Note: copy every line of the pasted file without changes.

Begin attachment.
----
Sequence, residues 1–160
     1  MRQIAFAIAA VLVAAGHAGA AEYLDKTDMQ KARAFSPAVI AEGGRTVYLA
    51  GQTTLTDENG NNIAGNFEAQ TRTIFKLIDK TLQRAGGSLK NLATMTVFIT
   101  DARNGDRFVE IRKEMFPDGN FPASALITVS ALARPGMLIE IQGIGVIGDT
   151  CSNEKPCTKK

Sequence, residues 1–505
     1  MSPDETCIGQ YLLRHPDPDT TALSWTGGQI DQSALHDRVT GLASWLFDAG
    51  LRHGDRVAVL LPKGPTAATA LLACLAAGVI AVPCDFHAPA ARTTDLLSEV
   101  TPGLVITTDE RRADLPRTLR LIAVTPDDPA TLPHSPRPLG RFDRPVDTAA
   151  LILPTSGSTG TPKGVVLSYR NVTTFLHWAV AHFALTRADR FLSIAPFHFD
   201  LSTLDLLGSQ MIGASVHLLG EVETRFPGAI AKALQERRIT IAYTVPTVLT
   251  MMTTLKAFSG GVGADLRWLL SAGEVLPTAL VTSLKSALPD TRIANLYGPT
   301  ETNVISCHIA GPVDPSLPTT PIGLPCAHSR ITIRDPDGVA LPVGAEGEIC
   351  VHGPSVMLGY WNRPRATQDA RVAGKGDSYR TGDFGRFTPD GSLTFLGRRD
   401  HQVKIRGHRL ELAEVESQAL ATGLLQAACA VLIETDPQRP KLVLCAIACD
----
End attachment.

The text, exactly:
Sequence, residues 1–160
     1  MRQIAFAIAA VLVAAGHAGA AEYLDKTDMQ KARAFSPAVI AEGGRTVYLA
    51  GQTTLTDENG NNIAGNFEAQ TRTIFKLIDK TLQRAGGSLK NLATMTVFIT
   101  DARNGDRFVE IRKEMFPDGN FPASALITVS ALARPGMLIE IQGIGVIGDT
   151  CSNEKPCTKK

Sequence, residues 1–505
     1  MSPDETCIGQ YLLRHPDPDT TALSWTGGQI DQSALHDRVT GLASWLFDAG
    51  LRHGDRVAVL LPKGPTAATA LLACLAAGVI AVPCDFHAPA ARTTDLLSEV
   101  TPGLVITTDE RRADLPRTLR LIAVTPDDPA TLPHSPRPLG RFDRPVDTAA
   151  LILPTSGSTG TPKGVVLSYR NVTTFLHWAV AHFALTRADR FLSIAPFHFD
   201  LSTLDLLGSQ MIGASVHLLG EVETRFPGAI AKALQERRIT IAYTVPTVLT
   251  MMTTLKAFSG GVGADLRWLL SAGEVLPTAL VTSLKSALPD TRIANLYGPT
   301  ETNVISCHIA GPVDPSLPTT PIGLPCAHSR ITIRDPDGVA LPVGAEGEIC
   351  VHGPSVMLGY WNRPRATQDA RVAGKGDSYR TGDFGRFTPD GSLTFLGRRD
   401  HQVKIRGHRL ELAEVESQAL ATGLLQAACA VLIETDPQRP KLVLCAIACD